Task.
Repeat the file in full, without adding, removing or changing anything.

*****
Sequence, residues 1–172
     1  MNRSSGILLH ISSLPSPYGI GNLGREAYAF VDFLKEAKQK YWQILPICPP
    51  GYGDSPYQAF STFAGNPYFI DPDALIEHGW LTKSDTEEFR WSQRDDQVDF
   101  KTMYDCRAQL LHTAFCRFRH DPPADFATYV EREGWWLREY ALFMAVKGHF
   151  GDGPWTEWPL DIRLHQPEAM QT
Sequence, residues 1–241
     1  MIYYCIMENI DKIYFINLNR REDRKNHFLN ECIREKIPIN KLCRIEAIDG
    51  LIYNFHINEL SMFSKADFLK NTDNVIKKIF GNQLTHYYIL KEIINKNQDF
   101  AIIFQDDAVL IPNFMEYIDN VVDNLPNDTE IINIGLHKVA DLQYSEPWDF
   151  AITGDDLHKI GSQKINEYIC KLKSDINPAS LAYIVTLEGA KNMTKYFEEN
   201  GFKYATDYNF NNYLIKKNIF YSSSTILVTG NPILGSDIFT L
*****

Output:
Sequence, residues 1–172
     1  MNRSSGILLH ISSLPSPYGI GNLGREAYAF VDFLKEAKQK YWQILPICPP
    51  GYGDSPYQAF STFAGNPYFI DPDALIEHGW LTKSDTEEFR WSQRDDQVDF
   101  KTMYDCRAQL LHTAFCRFRH DPPADFATYV EREGWWLREY ALFMAVKGHF
   151  GDGPWTEWPL DIRLHQPEAM QT
Sequence, residues 1–241
     1  MIYYCIMENI DKIYFINLNR REDRKNHFLN ECIREKIPIN KLCRIEAIDG
    51  LIYNFHINEL SMFSKADFLK NTDNVIKKIF GNQLTHYYIL KEIINKNQDF
   101  AIIFQDDAVL IPNFMEYIDN VVDNLPNDTE IINIGLHKVA DLQYSEPWDF
   151  AITGDDLHKI GSQKINEYIC KLKSDINPAS LAYIVTLEGA KNMTKYFEEN
   201  GFKYATDYNF NNYLIKKNIF YSSSTILVTG NPILGSDIFT L